• Philipp Gruissem—Speaking of T-shirts, that is what the young German donned. Unfortunately for him, he didn’t have the benefit of patches. I wasn’t impressed by his clothing choice, but then again, if I know Philbort, he doesn’t care what anybody thinks. Grade: C-
  • Timothy Adams—I’ve met Adams on numerous occasions, and he’s a really nice guy. He’s a bit quiet and reserved, and this was reflected in his attire on the broadcast. An upscale blue hoodie and nice watch weren't overly fancy but weren't bad either. Grade: B-
  • Matt Salsberg—While a nice black zip-up hoodie isn’t too flashy for most people, it kind of is for Salsberg, who is prone to throwing on whatever is comfortable for a poker tournament. I give him an “A” for effort but not for attire. Grade: C+
  • Fabian Quoss—I’ve covered Fabian Quoss at numerous tournaments, and he has a certain style (something Kyle Julius learned when he lost a bet at this year’s PCA that required him to play a tournament in Quoss’ clothing). Quoss was wearing one of his normal shirts, a long-sleeve purple getup with a PartyPoker patch, but it was missing his trademark scarf. What a shame. Grade: C+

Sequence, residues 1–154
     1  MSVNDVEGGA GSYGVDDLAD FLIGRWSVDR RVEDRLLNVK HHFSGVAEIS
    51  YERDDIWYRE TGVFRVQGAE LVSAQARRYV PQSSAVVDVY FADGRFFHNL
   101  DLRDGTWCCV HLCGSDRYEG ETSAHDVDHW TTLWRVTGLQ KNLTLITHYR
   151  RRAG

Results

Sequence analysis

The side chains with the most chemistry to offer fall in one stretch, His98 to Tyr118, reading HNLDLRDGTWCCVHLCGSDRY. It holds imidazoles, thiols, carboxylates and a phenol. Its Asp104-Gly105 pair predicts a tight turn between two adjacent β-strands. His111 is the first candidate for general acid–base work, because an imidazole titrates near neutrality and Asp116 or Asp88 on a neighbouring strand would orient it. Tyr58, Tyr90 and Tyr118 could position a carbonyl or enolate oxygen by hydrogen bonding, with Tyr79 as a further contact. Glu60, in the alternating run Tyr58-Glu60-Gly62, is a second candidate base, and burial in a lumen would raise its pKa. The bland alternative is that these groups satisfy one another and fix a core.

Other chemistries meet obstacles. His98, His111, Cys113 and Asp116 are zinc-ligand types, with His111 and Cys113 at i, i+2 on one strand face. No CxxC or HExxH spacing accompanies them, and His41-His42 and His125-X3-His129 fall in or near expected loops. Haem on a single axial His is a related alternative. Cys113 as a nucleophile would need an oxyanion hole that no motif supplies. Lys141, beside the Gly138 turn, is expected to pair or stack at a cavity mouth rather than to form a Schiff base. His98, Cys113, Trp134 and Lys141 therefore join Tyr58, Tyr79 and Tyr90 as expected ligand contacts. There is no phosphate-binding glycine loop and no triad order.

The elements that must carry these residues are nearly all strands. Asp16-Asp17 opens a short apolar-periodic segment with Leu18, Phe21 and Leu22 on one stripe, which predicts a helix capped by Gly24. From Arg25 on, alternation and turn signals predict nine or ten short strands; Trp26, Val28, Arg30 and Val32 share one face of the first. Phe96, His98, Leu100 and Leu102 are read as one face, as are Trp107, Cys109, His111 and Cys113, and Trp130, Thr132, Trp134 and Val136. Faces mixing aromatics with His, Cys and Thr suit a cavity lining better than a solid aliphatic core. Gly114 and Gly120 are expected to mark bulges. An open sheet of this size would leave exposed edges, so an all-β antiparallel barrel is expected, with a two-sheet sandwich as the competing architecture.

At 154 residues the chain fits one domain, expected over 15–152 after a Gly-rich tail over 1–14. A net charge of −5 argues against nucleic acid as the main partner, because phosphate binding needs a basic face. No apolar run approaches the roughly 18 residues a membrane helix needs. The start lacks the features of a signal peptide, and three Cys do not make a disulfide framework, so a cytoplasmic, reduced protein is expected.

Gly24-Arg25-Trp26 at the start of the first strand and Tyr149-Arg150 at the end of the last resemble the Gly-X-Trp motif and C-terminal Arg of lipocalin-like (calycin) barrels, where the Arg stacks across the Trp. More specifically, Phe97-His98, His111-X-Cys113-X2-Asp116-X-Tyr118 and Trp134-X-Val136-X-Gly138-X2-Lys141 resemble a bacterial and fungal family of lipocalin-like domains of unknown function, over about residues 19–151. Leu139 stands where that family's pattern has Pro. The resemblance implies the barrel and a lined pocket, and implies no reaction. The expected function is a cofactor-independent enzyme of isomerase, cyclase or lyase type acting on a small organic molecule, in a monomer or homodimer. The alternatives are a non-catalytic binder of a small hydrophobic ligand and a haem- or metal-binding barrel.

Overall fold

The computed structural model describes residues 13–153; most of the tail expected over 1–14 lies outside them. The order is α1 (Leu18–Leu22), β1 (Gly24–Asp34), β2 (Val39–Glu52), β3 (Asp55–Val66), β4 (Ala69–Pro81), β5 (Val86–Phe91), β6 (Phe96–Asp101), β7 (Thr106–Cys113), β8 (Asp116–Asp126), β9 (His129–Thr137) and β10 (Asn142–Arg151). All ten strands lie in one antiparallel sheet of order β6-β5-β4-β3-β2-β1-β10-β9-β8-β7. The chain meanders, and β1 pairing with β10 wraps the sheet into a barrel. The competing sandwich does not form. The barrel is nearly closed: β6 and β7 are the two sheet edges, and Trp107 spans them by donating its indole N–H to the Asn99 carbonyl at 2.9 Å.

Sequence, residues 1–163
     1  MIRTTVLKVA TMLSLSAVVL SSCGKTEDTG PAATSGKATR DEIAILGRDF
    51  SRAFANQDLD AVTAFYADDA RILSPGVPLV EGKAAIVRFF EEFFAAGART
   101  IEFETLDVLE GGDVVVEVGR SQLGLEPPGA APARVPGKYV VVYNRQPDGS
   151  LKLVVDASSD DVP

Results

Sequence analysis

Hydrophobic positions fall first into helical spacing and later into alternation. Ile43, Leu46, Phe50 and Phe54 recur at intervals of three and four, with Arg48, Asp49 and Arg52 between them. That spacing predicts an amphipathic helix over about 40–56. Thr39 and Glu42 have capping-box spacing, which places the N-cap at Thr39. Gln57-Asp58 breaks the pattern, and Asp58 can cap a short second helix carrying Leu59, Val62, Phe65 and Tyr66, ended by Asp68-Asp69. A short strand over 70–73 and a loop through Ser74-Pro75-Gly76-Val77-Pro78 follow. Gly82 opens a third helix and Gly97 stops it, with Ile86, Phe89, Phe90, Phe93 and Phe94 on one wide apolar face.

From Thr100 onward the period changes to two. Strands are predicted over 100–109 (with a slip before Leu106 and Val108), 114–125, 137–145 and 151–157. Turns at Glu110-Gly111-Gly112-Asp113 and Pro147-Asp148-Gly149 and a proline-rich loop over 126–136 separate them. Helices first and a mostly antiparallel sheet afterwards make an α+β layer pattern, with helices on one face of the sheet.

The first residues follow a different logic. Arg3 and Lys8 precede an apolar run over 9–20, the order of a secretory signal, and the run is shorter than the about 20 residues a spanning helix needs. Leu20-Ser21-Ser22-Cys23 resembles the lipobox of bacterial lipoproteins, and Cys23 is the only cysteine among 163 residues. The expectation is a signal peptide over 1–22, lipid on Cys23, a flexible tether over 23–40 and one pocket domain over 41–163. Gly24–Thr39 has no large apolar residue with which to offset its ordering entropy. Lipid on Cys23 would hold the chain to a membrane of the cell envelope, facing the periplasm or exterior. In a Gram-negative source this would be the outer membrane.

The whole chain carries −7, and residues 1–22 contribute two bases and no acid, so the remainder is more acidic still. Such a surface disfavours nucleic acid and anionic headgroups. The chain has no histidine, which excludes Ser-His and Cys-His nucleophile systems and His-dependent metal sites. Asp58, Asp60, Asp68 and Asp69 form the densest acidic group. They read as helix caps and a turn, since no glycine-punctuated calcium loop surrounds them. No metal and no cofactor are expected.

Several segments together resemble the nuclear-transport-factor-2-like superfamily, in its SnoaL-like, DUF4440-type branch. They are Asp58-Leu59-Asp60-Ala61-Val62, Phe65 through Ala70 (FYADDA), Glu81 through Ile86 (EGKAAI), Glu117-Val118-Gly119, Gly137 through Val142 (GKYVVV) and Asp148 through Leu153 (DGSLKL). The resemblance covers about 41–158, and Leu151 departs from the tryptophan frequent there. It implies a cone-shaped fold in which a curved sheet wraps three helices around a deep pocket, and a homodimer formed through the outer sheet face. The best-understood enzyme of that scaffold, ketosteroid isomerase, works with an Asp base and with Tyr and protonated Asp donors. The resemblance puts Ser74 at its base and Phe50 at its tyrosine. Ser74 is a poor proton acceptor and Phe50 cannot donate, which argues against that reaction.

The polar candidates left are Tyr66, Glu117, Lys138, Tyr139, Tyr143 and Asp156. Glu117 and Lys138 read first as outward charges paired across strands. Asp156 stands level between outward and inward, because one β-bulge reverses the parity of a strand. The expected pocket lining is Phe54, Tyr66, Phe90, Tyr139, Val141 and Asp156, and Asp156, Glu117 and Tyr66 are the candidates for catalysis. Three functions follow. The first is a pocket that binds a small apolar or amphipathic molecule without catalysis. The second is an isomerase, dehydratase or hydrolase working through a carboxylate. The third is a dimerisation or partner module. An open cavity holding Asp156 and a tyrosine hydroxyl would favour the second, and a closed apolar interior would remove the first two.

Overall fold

• Mohsin Charania—I'm not quite sure what Mohsin was wearing. It looked like a black long-sleeve button-up with some sort of vest over it, though it all could have been one shirt. It was hard to tell and I didn't really care for it. That doesn't mean it wasn't nice, it just wasn't my cup of tea. Grade: C

The Royal Flush Girls: You know I love my Royal Flush Girls, and I was loving it when a quick shot was shown of Jeannie and Brittany watching the action in a pair of tight blue dresses. Speaking of Brittany, she recently joined Rich Ryan, Kristy Arnett and me for Episode #145 of the PokerNews Podcast. It’s not often that a girl can make me blush, but she managed to do just that. To find out how, you’ll have to give the interview a listen.

“I’m Going to Take Everything You Have”: The WPT aired a few clips from past Grand Prix de Prix including some sound bites from Tony G and Greece’s George Paravoliasakis. If you recall, “The Greek” was famous for uttering, “The isle of Crete!” back in Season II. On the flip side, Tony G made a name for himself in Season III as you can see in the nostalgic video below: